Doral is a city in Miami-Dade County, Florida, United States. One of thirty-four municipalities in the county, it is located just one mile (1.6 km) from Miami International Airport and 13 miles (21 km) from Downtown Miami. The city regularly hosts in excess of 100,000 people who work in Miami. The City of Doral occupies a land area of 15 square miles (39 km2) bordered on the west by the Ronald Reagan Turnpike, to the north by the Town of Medley, to the east by the Palmetto Expressway and to the South by the City of Sweetwater. Doral is a principal city of the Miami metropolitan area, which was home to an estimated 6,012,331 people at the 2015 census.
Doral has operated under the Mayor-Council-Manager form of government since incorporation. Policymaking and legislative authority are vested in a governing council consisting of the mayor and four other council members. The Council, which is elected at large, is responsible among other things, for passing ordinances and resolutions, adopting the annual budget, appointing the City Manager, City Clerk, and City Attorney. The City Manager is responsible for carrying out the policies and ordinances of the Council, for overseeing the daily operations of the government, and for appointing the heads of various departments.
For a city of its size, Doral has many shops, financial institutions, and businesses, especially importers and exporters, primarily because of its proximity to the airport. In 2008, Fortune Small Business and CNN Money ranked Doral as 51 on a list of 100 cities with the best mix of business advantages and lifestyle appeal.
Doral is sometimes nicknamed, “Doralzuela” for its large Venezuelan population, which began moving to Doral in earnest around the time of Doral’s incorporation in 2003. In 2013, it was estimated that about 28% of the population of Doral was of Venezuelan descent, the largest concentration of Venezuelan expatriates in the US.
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In the late 1950s, real estate pioneers Alfred and Doris Kaskel purchased 2,400 acres of swampland between Northwest 36 Street and Northwest 74 Street and from Northwest 79 Avenue to Northwest 117 Avenue for about $49,000, intending to build a golf course and hotel. In 1962, the Doral Country Club opened in western Dade County, featuring the blue, red and par-3 golf courses, along with a hotel on Miami Beach. The “Doral” name combined Doris and Alfred. As Doral’s very first structure, the Doral Hotel, and Country Club became the area’s hot spot: guests were transported from the beach to the country club for a day on the golf course.
In the second year of operations, the Kaskels hosted the first Doral Open Invitational, Florida’s major PGA event. Alfred offered $50,000 in prize money to attract well-known golfers. According to the South Florida Golf Foundation, at the time only three other tournaments were held in Florida, offering a combined total of $65,000 prize money.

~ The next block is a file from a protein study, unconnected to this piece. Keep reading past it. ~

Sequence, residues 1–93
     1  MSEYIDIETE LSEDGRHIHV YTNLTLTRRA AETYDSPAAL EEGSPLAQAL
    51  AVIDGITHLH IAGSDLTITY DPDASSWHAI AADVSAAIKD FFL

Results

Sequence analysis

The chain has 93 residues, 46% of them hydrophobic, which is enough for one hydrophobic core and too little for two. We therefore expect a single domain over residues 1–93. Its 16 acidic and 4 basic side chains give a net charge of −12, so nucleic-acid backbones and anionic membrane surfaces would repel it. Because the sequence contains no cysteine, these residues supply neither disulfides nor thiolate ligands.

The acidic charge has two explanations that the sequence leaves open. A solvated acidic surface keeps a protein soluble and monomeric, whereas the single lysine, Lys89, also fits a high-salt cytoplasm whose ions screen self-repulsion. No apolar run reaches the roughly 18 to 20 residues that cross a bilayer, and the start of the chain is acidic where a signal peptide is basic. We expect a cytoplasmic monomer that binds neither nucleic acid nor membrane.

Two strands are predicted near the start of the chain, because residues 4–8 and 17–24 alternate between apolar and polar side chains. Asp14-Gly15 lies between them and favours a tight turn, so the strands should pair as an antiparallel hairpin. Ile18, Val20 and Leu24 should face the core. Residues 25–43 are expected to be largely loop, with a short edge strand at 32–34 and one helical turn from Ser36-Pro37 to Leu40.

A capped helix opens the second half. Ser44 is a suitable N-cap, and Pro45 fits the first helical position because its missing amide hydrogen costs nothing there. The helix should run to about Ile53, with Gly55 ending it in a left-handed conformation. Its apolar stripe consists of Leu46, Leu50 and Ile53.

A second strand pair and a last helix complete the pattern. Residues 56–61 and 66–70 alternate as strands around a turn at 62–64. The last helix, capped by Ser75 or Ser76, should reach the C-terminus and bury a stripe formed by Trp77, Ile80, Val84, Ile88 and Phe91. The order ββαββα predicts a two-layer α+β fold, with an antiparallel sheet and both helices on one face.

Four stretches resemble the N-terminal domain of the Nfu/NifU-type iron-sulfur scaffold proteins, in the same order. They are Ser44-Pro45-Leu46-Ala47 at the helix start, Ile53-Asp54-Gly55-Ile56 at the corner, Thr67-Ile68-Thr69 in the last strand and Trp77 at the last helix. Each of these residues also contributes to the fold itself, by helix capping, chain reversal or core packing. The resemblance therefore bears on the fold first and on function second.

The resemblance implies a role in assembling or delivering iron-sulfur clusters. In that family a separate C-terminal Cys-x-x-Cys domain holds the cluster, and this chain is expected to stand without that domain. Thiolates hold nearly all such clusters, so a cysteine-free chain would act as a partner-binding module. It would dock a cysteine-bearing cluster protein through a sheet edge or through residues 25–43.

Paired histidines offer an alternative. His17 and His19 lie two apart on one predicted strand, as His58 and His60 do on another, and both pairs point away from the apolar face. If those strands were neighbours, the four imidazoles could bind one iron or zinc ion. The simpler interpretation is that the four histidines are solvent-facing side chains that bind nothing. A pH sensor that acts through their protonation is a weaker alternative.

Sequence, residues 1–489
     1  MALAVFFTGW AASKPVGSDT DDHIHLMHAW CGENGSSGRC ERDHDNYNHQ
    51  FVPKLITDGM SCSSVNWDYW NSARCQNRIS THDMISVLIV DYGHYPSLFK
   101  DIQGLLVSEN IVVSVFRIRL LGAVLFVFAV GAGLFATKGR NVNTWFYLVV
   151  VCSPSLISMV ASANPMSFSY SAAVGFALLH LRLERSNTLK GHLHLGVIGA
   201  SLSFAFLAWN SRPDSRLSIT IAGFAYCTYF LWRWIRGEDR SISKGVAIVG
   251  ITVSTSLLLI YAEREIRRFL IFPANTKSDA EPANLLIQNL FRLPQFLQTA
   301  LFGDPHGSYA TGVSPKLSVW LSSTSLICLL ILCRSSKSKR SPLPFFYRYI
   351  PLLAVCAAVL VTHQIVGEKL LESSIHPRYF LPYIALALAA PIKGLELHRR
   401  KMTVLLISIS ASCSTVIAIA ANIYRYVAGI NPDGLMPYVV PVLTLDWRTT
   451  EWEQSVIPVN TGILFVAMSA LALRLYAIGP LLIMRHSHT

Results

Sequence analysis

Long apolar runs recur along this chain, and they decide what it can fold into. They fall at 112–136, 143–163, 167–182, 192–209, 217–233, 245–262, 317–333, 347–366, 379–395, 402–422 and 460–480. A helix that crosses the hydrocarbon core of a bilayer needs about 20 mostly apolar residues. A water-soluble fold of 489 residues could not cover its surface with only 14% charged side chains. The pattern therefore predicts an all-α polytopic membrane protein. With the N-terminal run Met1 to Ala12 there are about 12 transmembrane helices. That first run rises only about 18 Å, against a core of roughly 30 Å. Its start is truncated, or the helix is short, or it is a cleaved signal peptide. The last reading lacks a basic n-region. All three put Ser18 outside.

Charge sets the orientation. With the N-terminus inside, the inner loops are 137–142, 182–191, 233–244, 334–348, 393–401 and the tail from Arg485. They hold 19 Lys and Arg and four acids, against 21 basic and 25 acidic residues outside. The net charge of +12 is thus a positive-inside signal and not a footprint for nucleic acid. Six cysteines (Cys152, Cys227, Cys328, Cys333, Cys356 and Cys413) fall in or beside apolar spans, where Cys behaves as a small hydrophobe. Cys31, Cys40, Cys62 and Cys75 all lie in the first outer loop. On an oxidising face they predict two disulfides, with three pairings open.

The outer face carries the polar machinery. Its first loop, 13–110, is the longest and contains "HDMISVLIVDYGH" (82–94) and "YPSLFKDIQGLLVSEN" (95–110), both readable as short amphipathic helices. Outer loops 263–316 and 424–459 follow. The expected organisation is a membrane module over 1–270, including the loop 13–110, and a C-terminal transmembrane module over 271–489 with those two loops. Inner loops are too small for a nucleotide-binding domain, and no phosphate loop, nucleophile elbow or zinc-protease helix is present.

By the early 1980s, Doral started to experience its first residential growth spurt, when Alfred’s and Doris’ grandson Bill developed Doral Estates, followed by a joint venture with Lennar Corporation to build Doral Park. Both communities were named after the hotel, a trend that was to be repeated many more times. Although younger families started flooding the area, there were no stores, schools, or parks. Initially, most new homes were investment properties or second homes, but early full-time residents started coming together as a community.
From 1983 to 1985, Miami-Dade County imposed a building moratorium to protect the area’s water wells. Once the ban was lifted, Doral experienced tremendous growth. In 1989, Morgan Levy helped organize the West Dade Federation of Homeowner Associations to stand strong against any proposals that threatened the community’s welfare. Thus, they secured a police station instead of a jail, as well as convinced county officials to implement higher development standards as well as more lighting, roads, and landscaping.
In 1995, residents began lobbying for incorporation in earnest, dissatisfied with the high tax rate relative to the services they received, as well as unchecked growth. The county met the first attempt at incorporation with a year’s deferral. Some classified Doral as a “donor community,” meaning that the taxes paid were more than the cost of operations. With the deferral, incorporation efforts intensified even more. In 1996, the community elected its first community council: Jose “Pepe” Cancio, Sr., Mario Pita, and Barbara B. Thomas were elected and three other members were appointed. The council initially met once every month.
In 2002, Governor Jeb Bush appointed Cancio to fill the remainder of Miami-Dade Commissioner Miriam Alonso’s term of office. Doral residents hoped that his appointment would bring the community closer to incorporation, and their hopes were realized. Although Cancio endorsed Juan Carlos Bermudez, the City of Doral’s first elected Mayor, as his replacement on the Community Council, Bermudez declined the offer, ran for the seat and was elected. At the time, Bermudez was president of One Doral, a civic organization formed to counteract the perceived influence of the West Dade Federation on the new Council. However, both One Doral and the West Dade Federation proved essential to the incorporation process.
In January 2003, following a seven-year battle, 85% of Doral’s voters voted in favor of incorporation. In June of the same year, 92% voted to accept the City Charter and elected their first Mayor and City Council.
The new City of Doral was named as an attractive location for entrepreneurs with an interest in the Latin America market. Mayor Luigi Boria, elected in November 2012, became the second Venezuelan-American mayor in the United States. He was replaced by Juan Carlos Bermudez who won a reelection bid in 2016.